He proved to the world that men can quilt, cook amazing meals for the guys laying new carpet or whoever happened into church that Sunday; catch extra minutes of rest at the church pulpit or a drive across town, and be aware of the latest gossip without being ever called a gossip. Franklin Delano Barkdull was born January 30, 1934 in a little house in Paris, Idaho. While he was raised in small towns in southeast Idaho, his heart was always set on the greater world around him. Dad enjoyed debate, drama and choir, and often sang us to sleep as children.
When he was a freshman at Pocatello High, he became acquainted with a popular girl, Sally Bennett, and they seemed to be attached to each other from then on.
He completed a Bachelor’s degree from Brigham Young University and a Master’s Degree in Business Administration from George Washington University. Dad came from a strong Mormon heritage. His great great grandfather Michael followed the prophet Joseph from Ohio to Missouri and then to Illinois, where he died as a consequence of their forced exodus. His great grandfather Jason was sent to help colonize the Bear Lake Valley. His parents were working class people and some might describe Grandpa as not terribly devout, but they instilled a faith in Dad. In 1953, Dad left the West for Europe, where he spent the next two and a half years as a missionary for his church. Amongst other responsibilities, he was asked to be the leader of a small congregation of Mormons in Berlin, and left Eastern Germany with a love of the culture, food, and people that became a part of our upbringing. Special Sunday dinners always involved Rouladen and Rotkohl, with Mom and Dad cryptically discussing family issues in German (or broken Spanish).
After his mission, Dad began courting the vivacious Miss Bennett. Somewhere in those years, she finished nursing school at Idaho State, went to graduate school in Seattle, and Dad finished his degree at BYU. They were wed in the Logan Temple on September 17, 1958, then headed off into the world, making memories, friends and children as Dad began his career in the Air Force. They made stops in Kansas, Morocco, Spain, Nebraska, Panama, Ohio and Virginia, adding a child at each stop along the way.
In addition to his military duties, he served in various service capacities in church congregations around the world. There are some simple things that need to be known about Del: he would have worked any job to keep his family clothed and fed. He taught us to be proud of a day’s work because he made us work. He never swore. He had a Puritan mindset about topics of conversation. He was absolutely loyal and devoted to my mother. Dad served others in his own quiet way and would have been embarrassed if others knew of his assistance to others (Matt. 6:3-4).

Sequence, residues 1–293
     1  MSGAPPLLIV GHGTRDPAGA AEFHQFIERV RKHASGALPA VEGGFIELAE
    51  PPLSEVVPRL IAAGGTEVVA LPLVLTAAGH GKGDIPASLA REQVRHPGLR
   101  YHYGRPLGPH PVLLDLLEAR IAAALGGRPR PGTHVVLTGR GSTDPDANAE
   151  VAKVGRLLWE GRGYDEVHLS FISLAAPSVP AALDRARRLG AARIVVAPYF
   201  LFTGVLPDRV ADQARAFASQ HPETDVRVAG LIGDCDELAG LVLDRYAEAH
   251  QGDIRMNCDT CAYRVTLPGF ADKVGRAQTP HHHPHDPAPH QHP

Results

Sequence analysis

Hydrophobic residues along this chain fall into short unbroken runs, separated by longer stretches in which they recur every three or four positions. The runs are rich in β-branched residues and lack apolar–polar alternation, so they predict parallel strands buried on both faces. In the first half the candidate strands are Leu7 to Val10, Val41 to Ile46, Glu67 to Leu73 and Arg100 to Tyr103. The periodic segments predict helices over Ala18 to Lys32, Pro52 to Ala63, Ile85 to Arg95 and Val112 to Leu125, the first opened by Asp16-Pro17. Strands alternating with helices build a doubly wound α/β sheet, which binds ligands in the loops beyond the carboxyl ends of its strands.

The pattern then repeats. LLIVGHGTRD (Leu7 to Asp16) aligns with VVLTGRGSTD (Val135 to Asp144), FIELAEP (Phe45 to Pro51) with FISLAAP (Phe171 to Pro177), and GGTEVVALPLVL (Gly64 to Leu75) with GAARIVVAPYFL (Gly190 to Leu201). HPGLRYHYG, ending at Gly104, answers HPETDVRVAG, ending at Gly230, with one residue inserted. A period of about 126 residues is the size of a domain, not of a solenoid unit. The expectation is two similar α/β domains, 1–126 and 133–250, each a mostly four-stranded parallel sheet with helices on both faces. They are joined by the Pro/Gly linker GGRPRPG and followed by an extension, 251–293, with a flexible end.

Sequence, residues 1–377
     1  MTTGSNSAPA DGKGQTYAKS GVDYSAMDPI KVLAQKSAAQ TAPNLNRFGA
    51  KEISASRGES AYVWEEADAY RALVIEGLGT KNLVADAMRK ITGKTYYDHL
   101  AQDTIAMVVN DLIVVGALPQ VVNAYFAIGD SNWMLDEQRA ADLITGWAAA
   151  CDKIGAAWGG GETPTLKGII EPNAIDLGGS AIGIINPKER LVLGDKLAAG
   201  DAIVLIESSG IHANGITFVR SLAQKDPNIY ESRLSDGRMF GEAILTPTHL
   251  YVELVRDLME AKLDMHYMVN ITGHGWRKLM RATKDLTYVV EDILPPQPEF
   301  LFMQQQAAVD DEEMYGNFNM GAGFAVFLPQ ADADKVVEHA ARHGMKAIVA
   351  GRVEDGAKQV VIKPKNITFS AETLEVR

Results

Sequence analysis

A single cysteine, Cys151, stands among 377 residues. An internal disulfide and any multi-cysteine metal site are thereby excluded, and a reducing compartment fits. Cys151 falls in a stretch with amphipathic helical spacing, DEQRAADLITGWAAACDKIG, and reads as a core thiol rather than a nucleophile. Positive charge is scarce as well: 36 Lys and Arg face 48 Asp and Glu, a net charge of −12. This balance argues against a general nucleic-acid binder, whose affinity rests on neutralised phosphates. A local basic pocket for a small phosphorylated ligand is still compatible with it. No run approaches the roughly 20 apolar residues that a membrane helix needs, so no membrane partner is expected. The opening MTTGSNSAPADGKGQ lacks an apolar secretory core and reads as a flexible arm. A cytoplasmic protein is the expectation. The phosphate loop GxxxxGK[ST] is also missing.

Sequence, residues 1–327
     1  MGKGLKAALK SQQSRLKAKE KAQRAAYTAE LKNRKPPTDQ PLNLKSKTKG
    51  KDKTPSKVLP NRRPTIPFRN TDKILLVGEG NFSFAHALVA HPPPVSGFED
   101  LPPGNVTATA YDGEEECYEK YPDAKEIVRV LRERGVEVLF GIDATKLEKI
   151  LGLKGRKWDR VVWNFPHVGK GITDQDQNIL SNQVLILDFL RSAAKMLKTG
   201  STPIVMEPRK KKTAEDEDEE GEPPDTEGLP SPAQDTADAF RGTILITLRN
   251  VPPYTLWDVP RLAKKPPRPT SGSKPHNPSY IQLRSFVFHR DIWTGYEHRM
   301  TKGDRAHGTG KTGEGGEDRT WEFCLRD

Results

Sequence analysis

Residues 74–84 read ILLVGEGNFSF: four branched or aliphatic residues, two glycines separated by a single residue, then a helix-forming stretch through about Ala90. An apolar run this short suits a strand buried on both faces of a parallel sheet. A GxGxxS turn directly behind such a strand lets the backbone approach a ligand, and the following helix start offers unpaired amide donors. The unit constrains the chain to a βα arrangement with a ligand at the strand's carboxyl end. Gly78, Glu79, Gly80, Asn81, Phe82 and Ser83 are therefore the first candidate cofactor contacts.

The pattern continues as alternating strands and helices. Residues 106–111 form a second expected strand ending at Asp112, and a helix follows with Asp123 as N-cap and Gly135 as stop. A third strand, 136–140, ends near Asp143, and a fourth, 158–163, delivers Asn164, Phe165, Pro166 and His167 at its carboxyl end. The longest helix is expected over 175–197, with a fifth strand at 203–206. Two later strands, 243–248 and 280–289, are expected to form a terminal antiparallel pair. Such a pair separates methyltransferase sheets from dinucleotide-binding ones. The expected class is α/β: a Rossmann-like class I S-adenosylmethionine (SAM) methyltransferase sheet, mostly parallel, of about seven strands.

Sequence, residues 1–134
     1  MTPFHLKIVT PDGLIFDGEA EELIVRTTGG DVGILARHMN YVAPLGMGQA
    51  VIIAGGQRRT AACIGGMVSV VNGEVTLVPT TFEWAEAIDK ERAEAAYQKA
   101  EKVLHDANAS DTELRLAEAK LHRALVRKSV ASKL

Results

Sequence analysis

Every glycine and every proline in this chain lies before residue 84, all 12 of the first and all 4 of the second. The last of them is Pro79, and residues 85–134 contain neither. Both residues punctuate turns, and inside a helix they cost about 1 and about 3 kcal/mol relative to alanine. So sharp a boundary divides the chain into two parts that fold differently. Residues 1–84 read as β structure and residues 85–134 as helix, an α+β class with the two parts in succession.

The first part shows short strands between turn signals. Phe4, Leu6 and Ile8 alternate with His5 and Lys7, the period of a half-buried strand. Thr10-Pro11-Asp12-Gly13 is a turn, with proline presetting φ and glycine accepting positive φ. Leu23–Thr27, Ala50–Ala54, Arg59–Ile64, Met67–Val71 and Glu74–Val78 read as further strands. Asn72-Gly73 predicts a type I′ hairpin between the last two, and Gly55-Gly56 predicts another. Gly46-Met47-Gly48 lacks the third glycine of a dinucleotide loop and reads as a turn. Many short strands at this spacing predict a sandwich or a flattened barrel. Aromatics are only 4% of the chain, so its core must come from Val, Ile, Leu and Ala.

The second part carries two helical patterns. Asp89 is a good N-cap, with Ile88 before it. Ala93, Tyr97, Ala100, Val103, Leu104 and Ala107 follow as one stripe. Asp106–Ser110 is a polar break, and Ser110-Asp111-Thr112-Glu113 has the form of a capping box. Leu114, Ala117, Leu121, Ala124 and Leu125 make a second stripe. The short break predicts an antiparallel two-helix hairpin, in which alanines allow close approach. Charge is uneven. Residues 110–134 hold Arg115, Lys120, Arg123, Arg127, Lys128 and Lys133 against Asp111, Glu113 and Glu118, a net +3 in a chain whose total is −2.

He loved his grandchildren, would hold and kiss and sing to them. He was a wonderful teacher – and greatly enjoyed expounding on eternal concepts with devotion, enthusiasm and quiet faith. He wasn’t above a good dumpster dive when appropriate. He had a small hoarding problem when it came to wood, appliances and cookie tins. He could make a mean breakfast for one or one hundred.
He never got a good night’s sleep as an adult, but he did get some satisfying naps at church or watching Lawrence Welk. He charged his boys’ a free newspaper daily for about 15 years in return for driving them on their Sunday morning paper routes. He was a king of Trivial Pursuit. He fancied himself more learned in the administration of medicine than his nurse-trained wife, and when he would thrust his jaw forward, that meant you were wrong. Dad never had any interest in sports. He couldn’t tell you anything about how a game was played, who famous athletes were, or even much about the local professional teams. But he knew when our games were, and he attended soccer, football and lacrosse matches despite the distance he had to travel.
Dad never did anything life changing or extraordinary. He was a good man. He loved his wife. He loved his children. He loved the gospel of Jesus Christ because he molded his life to be like Him. Dad was a Saint. We will miss him painfully, but we are grateful for his example, influence, and the good father he has been to each of us. To be able to tell him that one more time . . . but he knows. We wish to extend our gratitude to all who provided care and support to Dad these past few years. He is survived by his six children, David (Kristy), Steven (Lisa), Lisa, Chris (Chris), Jason (Jennifer), and Thad (Jill), along with nineteen grandchildren and four great grandchildren. He is preceded in death by his wife, Sally (the first time she made it somewhere before him), his parents Nate and Pearl, his two sisters Doris and Donna, his brother Reed and three infant grandsons. He’s finally getting a good night’s sleep.
A viewing will be held on Friday evening, August 2, 2019 from 6:00 - 8:00 p.m. at Olpin Family Mortuary, 494 S 300 E, Pleasant Grove, Utah. Funeral services will be held Saturday, August 3, 2019 at 10 a.m. in the Manila Ward Chapel, 3396 North 900 West, Pleasant Grove with a viewing from 9 – 9:45 a.m. prior to the service. Interment will follow at 2:30 p.m. in the Montpelier Cemetery, Bear Lake, ID. with military honors. Condolences may be sent to the family at www.olpinmortuary.com. In lieu of flowers, the family suggests a donation to the LDS Church Humanitarian Fund.
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